Yellow lights glow from greenhouses on top of the Earth Sciences Building at night, with the moon glowing above and Huron Street belowSettled on top of UofT’s Earth Sciences Centre on Huron Street are fifteen greenhouse zones for CSB and EEB researchers. High energy sodium lamps provide light to grow cultivated plants, but a new sustainability project is underway to replace these lamps with energy efficient LEDs.

The Earth Sciences greenhouses contain specimens of hundreds of plants in specialized environments to mimic desert, tropical and temperate zones. These samples are used to understand cell biology, ecology and evolution in plants and often require high intensity light to flourish. When Earth Sciences was built in 1989, yellow sodium lamps provided the needed intensity, but these old lamps have poor energy efficiency.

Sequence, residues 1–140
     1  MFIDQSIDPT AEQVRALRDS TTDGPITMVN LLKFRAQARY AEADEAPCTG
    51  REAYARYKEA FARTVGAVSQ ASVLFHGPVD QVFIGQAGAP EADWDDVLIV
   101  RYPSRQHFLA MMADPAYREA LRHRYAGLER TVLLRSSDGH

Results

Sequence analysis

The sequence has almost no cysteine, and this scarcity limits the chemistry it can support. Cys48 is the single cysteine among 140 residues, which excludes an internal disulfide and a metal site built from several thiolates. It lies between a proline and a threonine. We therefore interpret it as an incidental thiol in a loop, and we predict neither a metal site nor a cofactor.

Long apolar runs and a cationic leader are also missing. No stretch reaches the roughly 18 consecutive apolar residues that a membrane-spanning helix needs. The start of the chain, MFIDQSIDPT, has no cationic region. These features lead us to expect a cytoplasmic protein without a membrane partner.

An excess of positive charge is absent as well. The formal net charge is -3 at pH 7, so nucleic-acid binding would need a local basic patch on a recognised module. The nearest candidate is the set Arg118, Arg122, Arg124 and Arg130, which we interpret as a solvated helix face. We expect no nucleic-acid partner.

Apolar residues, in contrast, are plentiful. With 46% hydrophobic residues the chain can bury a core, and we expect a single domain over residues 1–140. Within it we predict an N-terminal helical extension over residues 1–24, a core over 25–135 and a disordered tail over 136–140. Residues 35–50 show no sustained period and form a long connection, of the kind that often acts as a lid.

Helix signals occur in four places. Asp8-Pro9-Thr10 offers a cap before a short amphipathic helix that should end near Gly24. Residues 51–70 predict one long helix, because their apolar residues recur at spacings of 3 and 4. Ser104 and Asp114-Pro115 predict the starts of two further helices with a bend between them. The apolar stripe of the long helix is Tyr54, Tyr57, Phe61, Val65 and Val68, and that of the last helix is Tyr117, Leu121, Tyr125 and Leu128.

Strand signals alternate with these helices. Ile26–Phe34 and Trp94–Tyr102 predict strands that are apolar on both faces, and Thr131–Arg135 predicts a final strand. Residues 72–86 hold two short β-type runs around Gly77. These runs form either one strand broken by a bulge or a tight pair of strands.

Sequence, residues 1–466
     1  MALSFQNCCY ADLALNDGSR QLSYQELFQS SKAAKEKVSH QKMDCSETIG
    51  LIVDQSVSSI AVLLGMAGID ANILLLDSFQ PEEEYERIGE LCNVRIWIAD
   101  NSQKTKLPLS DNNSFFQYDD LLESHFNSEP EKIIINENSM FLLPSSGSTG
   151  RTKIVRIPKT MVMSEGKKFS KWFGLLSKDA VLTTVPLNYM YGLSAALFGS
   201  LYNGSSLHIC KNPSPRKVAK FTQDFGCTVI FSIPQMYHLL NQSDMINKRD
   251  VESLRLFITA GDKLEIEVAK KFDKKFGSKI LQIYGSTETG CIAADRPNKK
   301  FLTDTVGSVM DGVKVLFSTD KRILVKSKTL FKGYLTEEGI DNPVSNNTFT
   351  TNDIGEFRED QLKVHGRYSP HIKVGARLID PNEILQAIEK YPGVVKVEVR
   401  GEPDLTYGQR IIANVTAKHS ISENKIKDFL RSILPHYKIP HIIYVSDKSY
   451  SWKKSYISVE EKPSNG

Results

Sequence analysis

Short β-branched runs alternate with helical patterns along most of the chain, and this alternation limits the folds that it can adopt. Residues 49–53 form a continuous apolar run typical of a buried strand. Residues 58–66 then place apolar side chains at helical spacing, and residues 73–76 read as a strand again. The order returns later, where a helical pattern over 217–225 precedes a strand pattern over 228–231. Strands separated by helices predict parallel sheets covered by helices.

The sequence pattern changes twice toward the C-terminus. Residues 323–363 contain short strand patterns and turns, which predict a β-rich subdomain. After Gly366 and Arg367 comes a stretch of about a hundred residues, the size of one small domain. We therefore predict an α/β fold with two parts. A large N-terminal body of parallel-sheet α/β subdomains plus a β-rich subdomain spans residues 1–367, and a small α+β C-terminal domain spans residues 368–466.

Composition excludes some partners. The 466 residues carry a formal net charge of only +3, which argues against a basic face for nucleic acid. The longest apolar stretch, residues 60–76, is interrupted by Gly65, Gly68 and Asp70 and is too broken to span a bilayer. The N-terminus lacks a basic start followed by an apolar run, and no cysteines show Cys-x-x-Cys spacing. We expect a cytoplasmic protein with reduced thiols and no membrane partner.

A pilot project by Chief Horticulturalist Bill Cole to replace sodium lamps with LED panels has produced excellent results in one greenhouse. Cole says that “They look great and produce a high intensity balanced spectrum light. Ten 600W LED fixtures produce more light and are more energy efficient than fifteen 465W sodium vapour lights.”

Bill Cole uses a light meter to measure LED lights next to potted plants in the earth sciences greenhouse. Photo by Tom GludovaczDirect energy savings are accompanied by additional benefits. The colour balance for the full spectrum LED lights is better for the plants, providing more red and blue wavelengths. The new lights produce less radiant heat which will also reduce the burden of cooling for the greenhouses. Cole has recommended proceeding with full replacement in all fifteen greenhouses planted on top of the Earth Sciences Centre.

Funding for this project came from greenhouse operating funds, with support from CSB and EEB to arrange installation. A similar project in labs and offices of the nearby Ramsay Wright Building reduced energy consumption by 380,000 kilowatt hours annually. As the yellow glow above Earth Sciences transitions to a more even hue, UofT can count on even greater savings.